#19
Mar1507, 10:49 AM

Engineering
Sci Advisor
HW Helper
Thanks
P: 6,344

At least, thats what the standard theory says. It's usually safe to bet that CFD theories don't fit ALL the experimental facts, though. 



#20
Mar1507, 01:10 PM

P: 12

I still don't know if it is possible to have a “fully developed turbulent flow” over plate?




#21
Feb2209, 04:30 PM

P: 2

Hello there, I would like to ask you a question.
I have two pipes which are parallely connected. I have a constant TOTAL FLOW which is divided into two. Diameter1 > Diameter2 and now, when I increase Diameter1 (in order to decrease PRESSURE LOSS), my velocity is decreasing such that it will decrease (Velocity * Diameter) the Re in the first pipe. My question is: I have steady state flow, fully developed, and laminar. Pipe lengths are equal and temperature is constant. Can I say that (given that Qtotal is constant and I am only changing D1) when I decrease pressure loss by increasing diameter, Re number is decreasing. So, shear stress distribution is decreasing as well! or, when I increase reynolds number by decreasing Diameter 1, Pressure loss is increasing, and shear stress distribution is increasing? I have a final presentation tomorrow morning. I am really confused about this result actually. Hope somebody will answer. berkan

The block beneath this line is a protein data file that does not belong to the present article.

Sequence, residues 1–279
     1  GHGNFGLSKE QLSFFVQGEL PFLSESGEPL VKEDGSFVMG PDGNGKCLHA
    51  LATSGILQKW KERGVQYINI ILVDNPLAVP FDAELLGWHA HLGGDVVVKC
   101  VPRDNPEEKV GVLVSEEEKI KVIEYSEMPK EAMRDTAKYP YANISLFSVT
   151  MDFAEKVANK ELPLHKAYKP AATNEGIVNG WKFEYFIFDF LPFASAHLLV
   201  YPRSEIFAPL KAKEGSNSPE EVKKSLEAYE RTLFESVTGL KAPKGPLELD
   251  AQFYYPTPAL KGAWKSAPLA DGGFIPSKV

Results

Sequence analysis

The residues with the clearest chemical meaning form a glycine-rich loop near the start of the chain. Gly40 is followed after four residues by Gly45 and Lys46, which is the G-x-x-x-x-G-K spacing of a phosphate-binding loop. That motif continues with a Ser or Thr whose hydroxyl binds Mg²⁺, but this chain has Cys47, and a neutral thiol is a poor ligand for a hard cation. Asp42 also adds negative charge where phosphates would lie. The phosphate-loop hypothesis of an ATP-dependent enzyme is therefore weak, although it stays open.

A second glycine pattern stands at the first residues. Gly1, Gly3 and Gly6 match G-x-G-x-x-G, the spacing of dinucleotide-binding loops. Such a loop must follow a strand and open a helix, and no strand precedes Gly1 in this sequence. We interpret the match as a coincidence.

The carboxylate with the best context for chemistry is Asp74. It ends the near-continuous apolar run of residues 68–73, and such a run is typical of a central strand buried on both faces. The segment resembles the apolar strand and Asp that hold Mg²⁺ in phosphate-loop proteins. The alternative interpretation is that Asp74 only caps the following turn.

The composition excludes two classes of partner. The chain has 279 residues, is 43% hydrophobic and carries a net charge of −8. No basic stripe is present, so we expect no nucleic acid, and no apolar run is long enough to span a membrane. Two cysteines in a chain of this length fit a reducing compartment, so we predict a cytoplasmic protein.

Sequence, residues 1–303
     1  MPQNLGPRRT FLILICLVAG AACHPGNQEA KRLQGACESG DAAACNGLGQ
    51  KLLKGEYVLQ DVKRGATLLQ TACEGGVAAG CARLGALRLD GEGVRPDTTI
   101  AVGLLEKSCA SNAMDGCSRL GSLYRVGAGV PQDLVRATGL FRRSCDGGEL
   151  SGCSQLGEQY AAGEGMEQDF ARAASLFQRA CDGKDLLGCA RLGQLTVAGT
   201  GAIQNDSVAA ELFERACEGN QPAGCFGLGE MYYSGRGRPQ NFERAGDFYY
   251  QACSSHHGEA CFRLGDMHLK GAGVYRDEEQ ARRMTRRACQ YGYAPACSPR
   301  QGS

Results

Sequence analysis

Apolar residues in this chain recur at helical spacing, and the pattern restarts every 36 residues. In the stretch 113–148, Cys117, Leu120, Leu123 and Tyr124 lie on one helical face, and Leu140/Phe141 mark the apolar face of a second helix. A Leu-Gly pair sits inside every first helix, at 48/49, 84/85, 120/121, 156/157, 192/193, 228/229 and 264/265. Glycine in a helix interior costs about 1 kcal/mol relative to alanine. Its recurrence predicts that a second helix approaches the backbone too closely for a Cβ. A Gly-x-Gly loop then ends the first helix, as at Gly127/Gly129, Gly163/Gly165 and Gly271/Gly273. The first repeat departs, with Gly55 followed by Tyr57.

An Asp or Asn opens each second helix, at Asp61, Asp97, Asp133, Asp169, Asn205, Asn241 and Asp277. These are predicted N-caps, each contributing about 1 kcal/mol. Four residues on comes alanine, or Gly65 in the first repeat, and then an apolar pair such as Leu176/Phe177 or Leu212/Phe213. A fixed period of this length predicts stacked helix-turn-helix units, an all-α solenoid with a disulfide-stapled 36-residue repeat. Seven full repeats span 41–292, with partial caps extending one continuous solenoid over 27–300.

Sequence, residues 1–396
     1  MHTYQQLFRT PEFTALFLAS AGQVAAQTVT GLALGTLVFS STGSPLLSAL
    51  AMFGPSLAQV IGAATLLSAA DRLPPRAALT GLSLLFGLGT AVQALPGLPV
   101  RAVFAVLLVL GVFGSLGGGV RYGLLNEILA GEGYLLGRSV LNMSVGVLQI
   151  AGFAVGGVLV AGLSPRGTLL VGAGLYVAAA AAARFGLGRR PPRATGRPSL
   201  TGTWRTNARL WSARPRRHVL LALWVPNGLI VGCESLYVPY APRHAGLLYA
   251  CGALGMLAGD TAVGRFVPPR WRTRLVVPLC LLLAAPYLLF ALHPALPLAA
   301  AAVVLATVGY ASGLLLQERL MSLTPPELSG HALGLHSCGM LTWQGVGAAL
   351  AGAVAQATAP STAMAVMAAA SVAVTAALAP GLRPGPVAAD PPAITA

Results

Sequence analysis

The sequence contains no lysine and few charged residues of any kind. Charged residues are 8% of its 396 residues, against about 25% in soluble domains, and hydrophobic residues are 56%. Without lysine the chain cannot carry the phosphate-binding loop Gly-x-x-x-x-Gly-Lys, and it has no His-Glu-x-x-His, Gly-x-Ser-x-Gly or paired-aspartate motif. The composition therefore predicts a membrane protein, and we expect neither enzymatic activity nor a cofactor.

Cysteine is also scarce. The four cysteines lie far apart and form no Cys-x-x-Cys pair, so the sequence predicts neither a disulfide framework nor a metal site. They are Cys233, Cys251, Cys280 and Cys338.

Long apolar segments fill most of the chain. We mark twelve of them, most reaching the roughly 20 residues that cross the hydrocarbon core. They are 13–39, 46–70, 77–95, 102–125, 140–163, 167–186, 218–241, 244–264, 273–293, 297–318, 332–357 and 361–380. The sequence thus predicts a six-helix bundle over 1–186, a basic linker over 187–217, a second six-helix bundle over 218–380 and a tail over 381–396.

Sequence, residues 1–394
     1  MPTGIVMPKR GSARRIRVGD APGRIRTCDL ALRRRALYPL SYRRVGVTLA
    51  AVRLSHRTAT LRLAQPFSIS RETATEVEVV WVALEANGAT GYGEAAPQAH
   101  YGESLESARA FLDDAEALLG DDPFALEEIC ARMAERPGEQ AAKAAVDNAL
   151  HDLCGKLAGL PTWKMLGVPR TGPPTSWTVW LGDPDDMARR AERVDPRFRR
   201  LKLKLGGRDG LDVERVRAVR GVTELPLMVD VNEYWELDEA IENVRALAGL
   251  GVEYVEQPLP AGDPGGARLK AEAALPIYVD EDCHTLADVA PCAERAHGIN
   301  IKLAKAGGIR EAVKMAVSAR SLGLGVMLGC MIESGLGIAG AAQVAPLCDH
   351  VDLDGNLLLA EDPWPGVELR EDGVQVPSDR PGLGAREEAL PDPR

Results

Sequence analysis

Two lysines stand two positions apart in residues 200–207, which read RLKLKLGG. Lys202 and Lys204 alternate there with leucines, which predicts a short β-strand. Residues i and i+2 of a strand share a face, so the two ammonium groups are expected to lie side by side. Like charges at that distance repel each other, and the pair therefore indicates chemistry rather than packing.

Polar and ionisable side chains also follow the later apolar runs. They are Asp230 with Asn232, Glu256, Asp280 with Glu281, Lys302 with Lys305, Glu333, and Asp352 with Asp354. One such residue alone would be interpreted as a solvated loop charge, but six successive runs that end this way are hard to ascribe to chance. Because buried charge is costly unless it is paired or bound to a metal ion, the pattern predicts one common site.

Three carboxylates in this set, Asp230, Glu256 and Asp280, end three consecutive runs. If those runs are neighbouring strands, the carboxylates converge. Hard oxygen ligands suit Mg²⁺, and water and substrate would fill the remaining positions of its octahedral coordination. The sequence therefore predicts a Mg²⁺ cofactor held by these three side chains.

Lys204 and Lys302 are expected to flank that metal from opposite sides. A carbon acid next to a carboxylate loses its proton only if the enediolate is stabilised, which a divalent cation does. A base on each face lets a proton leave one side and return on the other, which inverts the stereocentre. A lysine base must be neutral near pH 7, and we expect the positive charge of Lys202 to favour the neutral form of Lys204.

#22
Jan610, 06:11 PM

P: 123

how is fully developed flow related to the stream function of the flow?




#23
Jan710, 07:21 AM

P: 123

Ψ=4y((1/3) y^3)
This is the stream function i'm referring to here. 


Register to reply 
Related Discussions  
Fully Developed Areas in Mathematics  General Math  4  
Fully developed turbulent flow over a single plate  Mechanical Engineering  0